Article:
So 3 years ago yesterday I took Megan out on a date and it quickly turned into a classic robby-comedy-of-errors. We went to get pizza, and for some reason it seemed like a good idea to get the super spicy BBQ tofu pizza, even though I know Megan doesn’t really like spicy foods. But it’d be fun to try, right? I wish I could say it was delicious, but it turned out that it was just, er, mean. She indulged me and went along with it, and when it finally came out it was brutally hot. WAY too spicy for either one of us. So that was dinner, picking around the edges of some food that was essentially torture.
Then it got even worse. Instead of doing some normal date stuff like seeing a movie, I took her to climb a mountain. Yup. A mountain. “It’ll be fun! How often do you get a chance to climb a mountain?” Even though, as far as mountains go, this one was pretty manageable, it was still a pretty big hike, with some dicey spots towards the top. Again, Megan was a good sport about it and went along. So here I am going up this mountain, thinking I’ve got this grand adventure planned, and I’m so pleased with myself that I don’t notice Megan being less and less ok with the idea. It’s getting late. The trail is getting steeper and rockier, and to top it all off, it’s summer solstice so there’s tons of people up there with us. This isn’t a quiet romantic nature moment. There’s people running around everywhere being crazy. Normally, not a big deal, but when you’re hikeing up a tiny, loose-gravelly, still-snowy-in-june, increasingly steep trail, it’s a little unnerving. On top of that, these weren’t people I was particularly psyched about sharing a romantic evening with. After the guy with the devil sticks and the oversized Mastercard parody shirt reading “MasterPimp” (classy) blew by us for the third time, I was finally starting to question my date-planning skills.
Unfortunately, the last 5% of it is a near vertical uphill scramble. I had done it a couple times before, but it’s definitely scary if it’s your first time, under any circumstances, let alone the near-carinval atmosphere of summer solstice in Alaska.
But the top is so close! And this will all be worth it, right? Well, we never made it.
Right about that point, a family is coming down the same way we were going up. They have three dogs that are just loving the rocks. They’re bouncing all around us, knocking stuff loose, sending rocks tumbling down around us (which are honestly probably pretty small but in the moment it seemed like several mini avalanches). While that’s going on, I look up and see a kid leap of some rocks about 100 feet above us, falling about 20 feet, then landing in one of the few remaining snow banks on the mountain and sliding down for another couple hundred feet, skidding in between jagged boulders the whole way. The whole thing took about 5 seconds. I was pretty sure I was watching someone making a terrible, Darwin-Award-worthy mistake. Turns out, it was all intentional, and he jumped right back up, ready to run back up and do it again.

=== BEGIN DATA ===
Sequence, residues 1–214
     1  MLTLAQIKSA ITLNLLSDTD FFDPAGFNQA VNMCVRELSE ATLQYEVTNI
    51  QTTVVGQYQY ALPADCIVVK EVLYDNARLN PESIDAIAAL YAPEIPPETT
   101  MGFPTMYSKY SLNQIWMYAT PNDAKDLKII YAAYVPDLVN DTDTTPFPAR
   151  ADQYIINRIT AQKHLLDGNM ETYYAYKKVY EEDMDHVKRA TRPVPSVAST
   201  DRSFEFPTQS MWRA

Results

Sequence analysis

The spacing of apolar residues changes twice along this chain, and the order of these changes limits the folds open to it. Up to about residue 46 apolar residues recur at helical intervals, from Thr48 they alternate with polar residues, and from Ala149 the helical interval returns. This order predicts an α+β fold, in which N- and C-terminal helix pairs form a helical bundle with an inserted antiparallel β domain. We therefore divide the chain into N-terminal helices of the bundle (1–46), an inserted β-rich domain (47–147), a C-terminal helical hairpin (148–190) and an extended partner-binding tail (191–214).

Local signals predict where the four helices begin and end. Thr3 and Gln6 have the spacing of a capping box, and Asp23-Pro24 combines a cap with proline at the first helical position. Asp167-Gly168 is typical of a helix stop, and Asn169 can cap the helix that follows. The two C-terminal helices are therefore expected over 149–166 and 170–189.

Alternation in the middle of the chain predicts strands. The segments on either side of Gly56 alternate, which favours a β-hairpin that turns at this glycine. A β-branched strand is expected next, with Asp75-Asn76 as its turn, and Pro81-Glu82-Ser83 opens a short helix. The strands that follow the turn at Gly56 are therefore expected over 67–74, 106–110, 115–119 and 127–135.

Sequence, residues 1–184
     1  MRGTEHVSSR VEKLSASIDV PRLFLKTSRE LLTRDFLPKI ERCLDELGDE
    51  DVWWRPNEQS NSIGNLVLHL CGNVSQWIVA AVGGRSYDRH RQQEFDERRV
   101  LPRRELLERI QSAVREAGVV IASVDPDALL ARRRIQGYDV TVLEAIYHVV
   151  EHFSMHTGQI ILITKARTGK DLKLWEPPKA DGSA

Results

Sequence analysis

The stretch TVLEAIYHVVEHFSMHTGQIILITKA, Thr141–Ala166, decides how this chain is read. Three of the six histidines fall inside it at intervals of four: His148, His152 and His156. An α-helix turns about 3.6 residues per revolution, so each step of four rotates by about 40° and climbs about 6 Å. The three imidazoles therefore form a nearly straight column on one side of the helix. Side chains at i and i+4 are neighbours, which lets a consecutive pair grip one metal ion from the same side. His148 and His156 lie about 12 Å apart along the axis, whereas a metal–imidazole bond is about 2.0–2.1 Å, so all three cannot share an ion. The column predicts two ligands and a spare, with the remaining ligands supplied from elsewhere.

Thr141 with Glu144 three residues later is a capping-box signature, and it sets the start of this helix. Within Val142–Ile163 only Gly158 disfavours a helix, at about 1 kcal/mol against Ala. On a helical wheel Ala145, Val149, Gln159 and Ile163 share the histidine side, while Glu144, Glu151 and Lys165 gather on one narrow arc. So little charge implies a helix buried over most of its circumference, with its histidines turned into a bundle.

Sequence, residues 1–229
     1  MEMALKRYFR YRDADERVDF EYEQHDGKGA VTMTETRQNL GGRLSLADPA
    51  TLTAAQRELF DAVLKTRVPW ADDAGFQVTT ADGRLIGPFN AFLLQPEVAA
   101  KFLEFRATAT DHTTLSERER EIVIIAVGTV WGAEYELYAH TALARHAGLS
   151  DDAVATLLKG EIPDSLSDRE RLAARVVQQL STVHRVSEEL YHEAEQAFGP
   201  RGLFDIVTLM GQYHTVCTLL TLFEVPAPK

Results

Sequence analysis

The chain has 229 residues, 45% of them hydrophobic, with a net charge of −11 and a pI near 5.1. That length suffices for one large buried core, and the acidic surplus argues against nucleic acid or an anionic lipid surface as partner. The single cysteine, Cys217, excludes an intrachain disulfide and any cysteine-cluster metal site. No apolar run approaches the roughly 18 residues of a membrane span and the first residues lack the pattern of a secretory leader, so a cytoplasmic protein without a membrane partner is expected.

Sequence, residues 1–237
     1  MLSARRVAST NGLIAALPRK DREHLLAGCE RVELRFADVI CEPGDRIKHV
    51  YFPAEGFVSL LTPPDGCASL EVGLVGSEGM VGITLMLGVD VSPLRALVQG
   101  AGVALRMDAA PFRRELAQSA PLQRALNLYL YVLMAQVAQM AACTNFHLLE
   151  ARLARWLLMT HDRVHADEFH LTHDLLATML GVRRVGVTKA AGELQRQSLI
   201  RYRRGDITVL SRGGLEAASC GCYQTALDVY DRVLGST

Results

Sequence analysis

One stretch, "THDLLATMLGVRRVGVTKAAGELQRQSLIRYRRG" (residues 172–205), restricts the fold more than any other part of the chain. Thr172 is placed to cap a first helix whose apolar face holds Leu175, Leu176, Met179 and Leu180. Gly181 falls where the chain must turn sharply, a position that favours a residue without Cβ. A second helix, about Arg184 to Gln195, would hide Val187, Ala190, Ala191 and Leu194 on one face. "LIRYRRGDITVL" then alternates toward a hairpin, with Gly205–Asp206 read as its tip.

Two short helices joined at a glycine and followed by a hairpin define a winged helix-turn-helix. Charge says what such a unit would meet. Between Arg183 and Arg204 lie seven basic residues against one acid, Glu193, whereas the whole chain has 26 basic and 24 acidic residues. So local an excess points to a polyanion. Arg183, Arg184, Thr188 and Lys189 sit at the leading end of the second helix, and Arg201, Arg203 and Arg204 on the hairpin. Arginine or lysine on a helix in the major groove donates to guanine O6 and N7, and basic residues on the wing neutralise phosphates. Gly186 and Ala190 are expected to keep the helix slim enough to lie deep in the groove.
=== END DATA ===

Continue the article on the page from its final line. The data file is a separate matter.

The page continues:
It was right around that point where I looked back and saw Megan trembling, frozen, with tears rolling down her face. She had reached her limit, and couldn’t take another step. I tried to talk her through it. “There’s only 100 feet more to the top!”, “I promise it will all be worth it once we get up there!”, “You’re halfway up the bad part, so going down is going to be just as scary as going up!”. In retrospect, that last part was a pretty shitty way to phrase it. But at this point, I had sent Megan into a full on panic attack, and I felt terrible. After a few minutes of talking, it became clear there was only one option, we needed to get off this trail, away from all these people, away from these dogs that are weaving through our feet. And we needed to do it IMMEDIATELY. We took it step-by-step, and within about ten minutes or so we were back off the really scary part. Luckily, there was a little, mellow ridge nearby that was just far enough away from the constant flow of people. We made our way up to it and were able to catch our breath. Turns out, it ended up having just about as good of a few as the top of the mountain, minus all summer solstice revelry. It was great. Here’s a picture:
So here I am. It’s midnight. We’re on top of a mountain in Anchorage, AK. I’ve just gastronomically, physically, and emotionally scarred my girlfriend. Somehow, she’s put up with it all (although at this point I’m unsure how much of it is good will, and how much is fear that if she left me she wouldn’t find her way back down the mountain). After all that, despite all that, I still had one more thing I had to pile on the evening. I set up the camera to take a picture, flipped it on to video instead and let it roll.
“Hey dummy, the light’s not blinking. You didn’t set the timer… It’s not going to take the picture…”